As the business video conferencing world continues to expand, companies are finding more reasons to add these tools to their corporate infrastructure and maintain them as staples of communication and interaction. These resources allow for easy sharing of ideas and cultures to those within the company as well as people who aren't associated with the business. As a means of sharing with clients and consumers, business video conferencing has become a desirable, innovative tool, and market forecasts show it's likely to stay that way.
Looking toward the future
A report from the International Data Corporation (IDC) stated that the last couple of quarters have been good for conferencing technology, though the entirety of 2012 was a bit on the negative side. Historically, the report showed that video conferencing tools are on a continuous incline, gaining adoption and acceptance within companies at all levels over the last few years. Still fighting back from the recession, some kinds of communication technology are still doing better than others, though the overall climate in this realm remains positive, IDC stated.
One of the main drivers behind this resource has been the hike in cloud computing and remote working capability that many organizations are now extending to their personnel. Such moves help reduce operations costs, cut down on commuting time and are viewed as a reward by employees, making them attractive as a tool for increasing engagement while driving down costs throughout the company. Fast Company reported that a recent study by Microsoft Research and the University of Washington found that having audio and visual tools available to interact and engage with other personnel was far preferable over other forms of interaction in a remote capacity, even resulting in similar engagement statistics as in-person meetings.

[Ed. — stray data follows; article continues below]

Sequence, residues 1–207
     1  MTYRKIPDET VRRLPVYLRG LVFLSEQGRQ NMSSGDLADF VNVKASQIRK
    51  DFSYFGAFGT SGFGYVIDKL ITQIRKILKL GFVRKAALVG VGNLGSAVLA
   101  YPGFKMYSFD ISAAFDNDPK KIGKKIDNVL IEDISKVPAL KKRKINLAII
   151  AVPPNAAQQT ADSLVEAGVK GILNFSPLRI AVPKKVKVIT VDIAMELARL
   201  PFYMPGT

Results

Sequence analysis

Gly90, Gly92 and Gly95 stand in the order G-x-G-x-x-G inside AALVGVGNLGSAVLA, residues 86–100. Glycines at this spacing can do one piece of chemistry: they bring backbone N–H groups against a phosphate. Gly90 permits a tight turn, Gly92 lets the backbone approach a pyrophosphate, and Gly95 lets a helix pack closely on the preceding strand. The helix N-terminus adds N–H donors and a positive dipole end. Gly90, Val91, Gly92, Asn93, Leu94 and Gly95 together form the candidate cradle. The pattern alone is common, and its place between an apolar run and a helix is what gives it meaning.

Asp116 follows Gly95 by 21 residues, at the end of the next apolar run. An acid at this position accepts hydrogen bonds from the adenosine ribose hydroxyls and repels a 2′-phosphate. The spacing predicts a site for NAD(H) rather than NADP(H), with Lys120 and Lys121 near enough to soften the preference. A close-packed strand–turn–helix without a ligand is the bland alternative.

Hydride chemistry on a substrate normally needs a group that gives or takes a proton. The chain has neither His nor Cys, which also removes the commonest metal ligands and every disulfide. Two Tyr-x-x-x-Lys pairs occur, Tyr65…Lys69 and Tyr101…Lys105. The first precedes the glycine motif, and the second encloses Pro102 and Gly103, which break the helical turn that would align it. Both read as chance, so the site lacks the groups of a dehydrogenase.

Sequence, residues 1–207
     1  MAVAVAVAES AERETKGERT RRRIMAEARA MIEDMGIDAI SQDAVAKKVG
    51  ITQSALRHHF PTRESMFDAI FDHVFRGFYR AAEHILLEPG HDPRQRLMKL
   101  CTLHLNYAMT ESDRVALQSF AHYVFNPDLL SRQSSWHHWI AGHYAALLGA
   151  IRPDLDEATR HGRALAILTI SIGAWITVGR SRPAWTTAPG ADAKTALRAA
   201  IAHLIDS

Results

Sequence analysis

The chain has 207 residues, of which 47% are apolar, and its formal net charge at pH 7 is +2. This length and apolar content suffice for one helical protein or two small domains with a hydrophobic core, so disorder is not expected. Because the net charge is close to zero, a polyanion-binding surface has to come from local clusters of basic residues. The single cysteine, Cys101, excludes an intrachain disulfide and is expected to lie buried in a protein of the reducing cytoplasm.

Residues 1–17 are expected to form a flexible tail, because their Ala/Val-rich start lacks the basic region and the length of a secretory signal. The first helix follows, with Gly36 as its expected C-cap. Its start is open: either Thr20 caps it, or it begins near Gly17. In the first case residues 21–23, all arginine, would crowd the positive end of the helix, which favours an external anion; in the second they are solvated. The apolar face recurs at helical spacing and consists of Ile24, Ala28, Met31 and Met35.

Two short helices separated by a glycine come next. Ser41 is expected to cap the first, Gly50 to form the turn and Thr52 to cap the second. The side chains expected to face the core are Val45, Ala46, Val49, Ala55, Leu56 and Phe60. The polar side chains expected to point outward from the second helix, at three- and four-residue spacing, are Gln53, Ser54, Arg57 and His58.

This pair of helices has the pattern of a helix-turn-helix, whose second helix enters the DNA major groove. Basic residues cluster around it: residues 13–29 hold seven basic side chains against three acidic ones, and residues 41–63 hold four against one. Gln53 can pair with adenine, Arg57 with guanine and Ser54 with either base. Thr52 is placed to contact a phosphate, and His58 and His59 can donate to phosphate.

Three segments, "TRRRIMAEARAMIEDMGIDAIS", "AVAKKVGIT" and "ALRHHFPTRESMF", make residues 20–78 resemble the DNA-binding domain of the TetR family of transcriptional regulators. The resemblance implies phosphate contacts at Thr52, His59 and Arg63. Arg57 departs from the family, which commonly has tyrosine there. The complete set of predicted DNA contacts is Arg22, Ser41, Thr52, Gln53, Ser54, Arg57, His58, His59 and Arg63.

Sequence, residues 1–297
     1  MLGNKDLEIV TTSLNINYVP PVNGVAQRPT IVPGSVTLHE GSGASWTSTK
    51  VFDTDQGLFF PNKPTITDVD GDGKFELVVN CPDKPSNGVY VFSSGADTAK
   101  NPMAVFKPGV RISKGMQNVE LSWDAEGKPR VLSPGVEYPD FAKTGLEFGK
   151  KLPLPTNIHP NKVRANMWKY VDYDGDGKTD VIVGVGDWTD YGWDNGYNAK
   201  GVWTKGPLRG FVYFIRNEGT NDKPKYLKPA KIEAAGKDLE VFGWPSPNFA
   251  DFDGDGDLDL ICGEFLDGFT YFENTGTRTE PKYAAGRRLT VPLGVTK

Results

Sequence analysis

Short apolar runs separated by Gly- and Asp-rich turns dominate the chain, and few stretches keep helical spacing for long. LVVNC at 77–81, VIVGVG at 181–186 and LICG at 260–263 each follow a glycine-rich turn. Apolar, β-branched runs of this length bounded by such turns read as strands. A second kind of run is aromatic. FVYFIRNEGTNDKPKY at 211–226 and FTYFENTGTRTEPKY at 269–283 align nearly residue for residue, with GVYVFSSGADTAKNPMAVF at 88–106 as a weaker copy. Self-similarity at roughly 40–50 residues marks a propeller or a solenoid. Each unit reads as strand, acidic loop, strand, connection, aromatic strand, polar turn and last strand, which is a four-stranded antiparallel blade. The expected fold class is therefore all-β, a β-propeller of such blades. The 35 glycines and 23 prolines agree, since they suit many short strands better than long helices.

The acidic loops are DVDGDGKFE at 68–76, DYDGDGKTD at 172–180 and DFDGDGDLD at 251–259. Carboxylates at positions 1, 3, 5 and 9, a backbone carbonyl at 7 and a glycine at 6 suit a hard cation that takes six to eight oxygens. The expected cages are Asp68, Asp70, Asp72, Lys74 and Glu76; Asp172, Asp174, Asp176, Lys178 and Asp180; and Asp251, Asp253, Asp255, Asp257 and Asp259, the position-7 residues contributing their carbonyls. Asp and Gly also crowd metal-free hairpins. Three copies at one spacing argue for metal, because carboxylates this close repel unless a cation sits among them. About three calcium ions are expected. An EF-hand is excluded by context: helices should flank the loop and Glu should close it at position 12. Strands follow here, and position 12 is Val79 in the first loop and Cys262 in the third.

Taking a step back
The Press Telegram wrote that this might soon be a major point of contention at one leading technology company. The source stated that Yahoo CEO Marissa Mayer had recalled all remote workers to the office, asking that nobody work from home anymore. Many experts have already cited this as a major misstep on her part, trying to change corporate culture too drastically, reducing video conferencing capabilities and limiting the way that workforce can get their jobs done. Taking away aspects of the job that people perceive as benefits and cutting back on freedoms could put retention at risk, the source stated.